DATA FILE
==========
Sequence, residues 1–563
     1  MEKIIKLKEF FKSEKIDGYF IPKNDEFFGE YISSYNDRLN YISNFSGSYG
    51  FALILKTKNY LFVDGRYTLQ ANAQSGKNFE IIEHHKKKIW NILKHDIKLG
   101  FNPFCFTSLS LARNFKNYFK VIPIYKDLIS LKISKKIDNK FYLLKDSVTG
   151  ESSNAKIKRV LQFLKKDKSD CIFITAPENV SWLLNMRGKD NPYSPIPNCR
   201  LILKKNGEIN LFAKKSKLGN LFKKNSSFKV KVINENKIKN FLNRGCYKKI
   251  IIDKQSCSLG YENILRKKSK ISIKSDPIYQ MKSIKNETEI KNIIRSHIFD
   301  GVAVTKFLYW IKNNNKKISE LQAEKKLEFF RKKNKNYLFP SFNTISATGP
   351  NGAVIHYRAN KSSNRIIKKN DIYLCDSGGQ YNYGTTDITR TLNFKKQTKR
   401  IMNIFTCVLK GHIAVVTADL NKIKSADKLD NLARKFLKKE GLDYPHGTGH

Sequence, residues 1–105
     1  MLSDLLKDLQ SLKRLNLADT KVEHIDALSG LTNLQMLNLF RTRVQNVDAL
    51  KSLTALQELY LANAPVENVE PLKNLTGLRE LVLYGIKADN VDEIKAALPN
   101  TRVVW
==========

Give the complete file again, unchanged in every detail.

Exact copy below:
Sequence, residues 1–563
     1  MEKIIKLKEF FKSEKIDGYF IPKNDEFFGE YISSYNDRLN YISNFSGSYG
    51  FALILKTKNY LFVDGRYTLQ ANAQSGKNFE IIEHHKKKIW NILKHDIKLG
   101  FNPFCFTSLS LARNFKNYFK VIPIYKDLIS LKISKKIDNK FYLLKDSVTG
   151  ESSNAKIKRV LQFLKKDKSD CIFITAPENV SWLLNMRGKD NPYSPIPNCR
   201  LILKKNGEIN LFAKKSKLGN LFKKNSSFKV KVINENKIKN FLNRGCYKKI
   251  IIDKQSCSLG YENILRKKSK ISIKSDPIYQ MKSIKNETEI KNIIRSHIFD
   301  GVAVTKFLYW IKNNNKKISE LQAEKKLEFF RKKNKNYLFP SFNTISATGP
   351  NGAVIHYRAN KSSNRIIKKN DIYLCDSGGQ YNYGTTDITR TLNFKKQTKR
   401  IMNIFTCVLK GHIAVVTADL NKIKSADKLD NLARKFLKKE GLDYPHGTGH

Sequence, residues 1–105
     1  MLSDLLKDLQ SLKRLNLADT KVEHIDALSG LTNLQMLNLF RTRVQNVDAL
    51  KSLTALQELY LANAPVENVE PLKNLTGLRE LVLYGIKADN VDEIKAALPN
   101  TRVVW